by Liam Duncan
At this year’s NFL draft, defensive end Michael Sam made history by becoming the first openly gay football player to ever enter the NFL when the St. Louis Rams selected him as the 249th pick of the draft.
Despite the fact that his first season in the pros has yet to begin, it seems that Sam has also managed to solidify himself as one of the most famous players to be selected in 7th round of a draft in NFL history. Videos that capture the emotional reaction he had upon learning he had been drafted into the NFL have been circulating the social media world nonstop, and his story is still being followed relentlessly by all major sports and news networks. TV icon Oprah Winfrey has even purchased the rights to make a reality-TV documentary about Sam’s journey from the draft to the NFL regular season. However, at the request of the St. Louis Rams, she has agreed to postpone the making of the film so that Sam can first focus on his football career.
Ever since the ESPN program Outside the Lines covered Sam’s public announcement of his sexual orientation following his final season at the University of Missouri, the professional football community has been polarized about the prospect of a gay man becoming an NFL player. Some players stated that it would be extremely uncomfortable knowing that a teammate was gay. Many others stated that this would not be a problem for them, though they seemed rightfully concerned that having a gay player in the NFL would result in distracting media frenzy. For his part, Sam stated that all of his teammates at Missouri knew of his sexual orientation during the full length of his tenure with the team, and this fact never impeded them from performing successfully on the field.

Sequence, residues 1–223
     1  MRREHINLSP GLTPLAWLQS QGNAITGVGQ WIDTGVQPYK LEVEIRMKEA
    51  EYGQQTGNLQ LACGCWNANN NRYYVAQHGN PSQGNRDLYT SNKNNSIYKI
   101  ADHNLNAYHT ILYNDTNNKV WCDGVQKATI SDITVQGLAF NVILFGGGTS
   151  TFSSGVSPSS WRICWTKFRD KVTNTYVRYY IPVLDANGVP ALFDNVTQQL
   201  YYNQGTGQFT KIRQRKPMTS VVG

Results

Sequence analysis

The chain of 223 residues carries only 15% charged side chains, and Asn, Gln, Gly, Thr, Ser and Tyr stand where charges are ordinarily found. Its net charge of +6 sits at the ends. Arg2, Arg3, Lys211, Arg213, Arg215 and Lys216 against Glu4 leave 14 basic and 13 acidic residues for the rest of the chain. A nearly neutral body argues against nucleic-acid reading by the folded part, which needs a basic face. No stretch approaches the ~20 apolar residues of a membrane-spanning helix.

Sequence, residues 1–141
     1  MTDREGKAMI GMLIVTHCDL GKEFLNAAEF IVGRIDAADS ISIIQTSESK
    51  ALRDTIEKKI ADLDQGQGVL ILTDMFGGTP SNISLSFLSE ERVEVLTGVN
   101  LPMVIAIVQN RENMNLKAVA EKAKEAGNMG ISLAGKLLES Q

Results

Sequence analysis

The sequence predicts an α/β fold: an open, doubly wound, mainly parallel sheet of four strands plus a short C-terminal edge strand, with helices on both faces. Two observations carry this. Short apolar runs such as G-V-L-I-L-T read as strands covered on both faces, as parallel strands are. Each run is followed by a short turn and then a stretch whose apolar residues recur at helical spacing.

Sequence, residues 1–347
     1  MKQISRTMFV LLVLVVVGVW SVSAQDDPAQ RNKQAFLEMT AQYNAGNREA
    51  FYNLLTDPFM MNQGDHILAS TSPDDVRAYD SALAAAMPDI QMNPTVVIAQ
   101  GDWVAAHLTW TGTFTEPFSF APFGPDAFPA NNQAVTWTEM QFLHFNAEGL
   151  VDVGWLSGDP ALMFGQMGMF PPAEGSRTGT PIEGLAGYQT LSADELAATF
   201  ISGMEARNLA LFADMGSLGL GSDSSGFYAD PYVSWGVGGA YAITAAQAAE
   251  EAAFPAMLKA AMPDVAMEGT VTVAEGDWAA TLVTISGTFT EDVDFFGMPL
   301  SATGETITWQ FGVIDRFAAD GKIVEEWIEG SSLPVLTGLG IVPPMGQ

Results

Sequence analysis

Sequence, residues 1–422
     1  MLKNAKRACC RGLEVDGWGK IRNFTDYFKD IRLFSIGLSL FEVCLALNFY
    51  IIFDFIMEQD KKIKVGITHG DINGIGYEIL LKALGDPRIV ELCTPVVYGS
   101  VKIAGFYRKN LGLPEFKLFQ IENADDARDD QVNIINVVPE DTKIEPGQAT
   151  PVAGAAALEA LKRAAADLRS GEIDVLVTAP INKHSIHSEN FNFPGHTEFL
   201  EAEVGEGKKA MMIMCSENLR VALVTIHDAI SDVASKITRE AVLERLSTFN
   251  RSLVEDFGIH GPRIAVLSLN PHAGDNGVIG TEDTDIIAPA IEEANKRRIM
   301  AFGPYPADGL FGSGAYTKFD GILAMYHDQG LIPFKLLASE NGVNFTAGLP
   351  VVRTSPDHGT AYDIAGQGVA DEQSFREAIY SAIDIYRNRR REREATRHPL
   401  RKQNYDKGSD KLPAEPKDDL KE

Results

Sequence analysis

While most of the reactions to Sam’s selection in the draft have been quite positive, with messages of congratulations pouring in from other sports stars, celebrities and even President Obama, there have been numerous detractors as well. For example, current Miami Dolphins defensive back Don Jones referred to the Rams’ decision to draft a gay player as “horrible” on Twitter. Also, numerous critics suggest that if Sam were straight, he wouldn’t have been selected in the draft at all.
Indeed, despite being named an All-American and Co-SEC player of the year during his last season at Missouri, where he was also the leader of a very successful defense, many NFL scouts dismissed Sam as being undersized and too slow to play at the professional level, which undoubtedly led to his very late selection. Additionally, players around the league have expressed their frustration at the fact that Sam’s public image has seemingly guaranteed him a spot on the Rams’ 52-player regular season roster, an achievement that most 7th round selections will have to spend years playing on practice squads to earn.
In spite of all these accusations against Sam and against his team, the Rams’ general manager Les Snead stated, “We are aware of the magnitude of the decision but at the end of the day that was a football decision [to draft Sam].” Likewise, Sam has vowed not to focus on the media circus that has been surrounding him since his selection, and he promises that all of his energy will be focused on becoming a player that can make an impact on the NFL not only in press conferences and media reports but also on the football field.